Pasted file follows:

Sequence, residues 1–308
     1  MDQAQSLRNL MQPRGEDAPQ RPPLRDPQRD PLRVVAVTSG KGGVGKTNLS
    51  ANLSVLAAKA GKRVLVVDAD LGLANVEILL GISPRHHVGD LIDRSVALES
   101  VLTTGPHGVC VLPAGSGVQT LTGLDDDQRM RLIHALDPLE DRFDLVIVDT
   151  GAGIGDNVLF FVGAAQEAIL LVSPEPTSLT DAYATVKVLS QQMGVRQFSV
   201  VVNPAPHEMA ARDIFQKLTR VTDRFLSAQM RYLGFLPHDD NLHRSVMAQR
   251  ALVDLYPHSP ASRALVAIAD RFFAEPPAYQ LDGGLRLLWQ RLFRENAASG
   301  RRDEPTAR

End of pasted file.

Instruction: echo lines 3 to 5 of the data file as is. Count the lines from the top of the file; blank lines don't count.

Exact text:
    51  ANLSVLAAKA GKRVLVVDAD LGLANVEILL GISPRHHVGD LIDRSVALES
   101  VLTTGPHGVC VLPAGSGVQT LTGLDDDQRM RLIHALDPLE DRFDLVIVDT
   151  GAGIGDNVLF FVGAAQEAIL LVSPEPTSLT DAYATVKVLS QQMGVRQFSV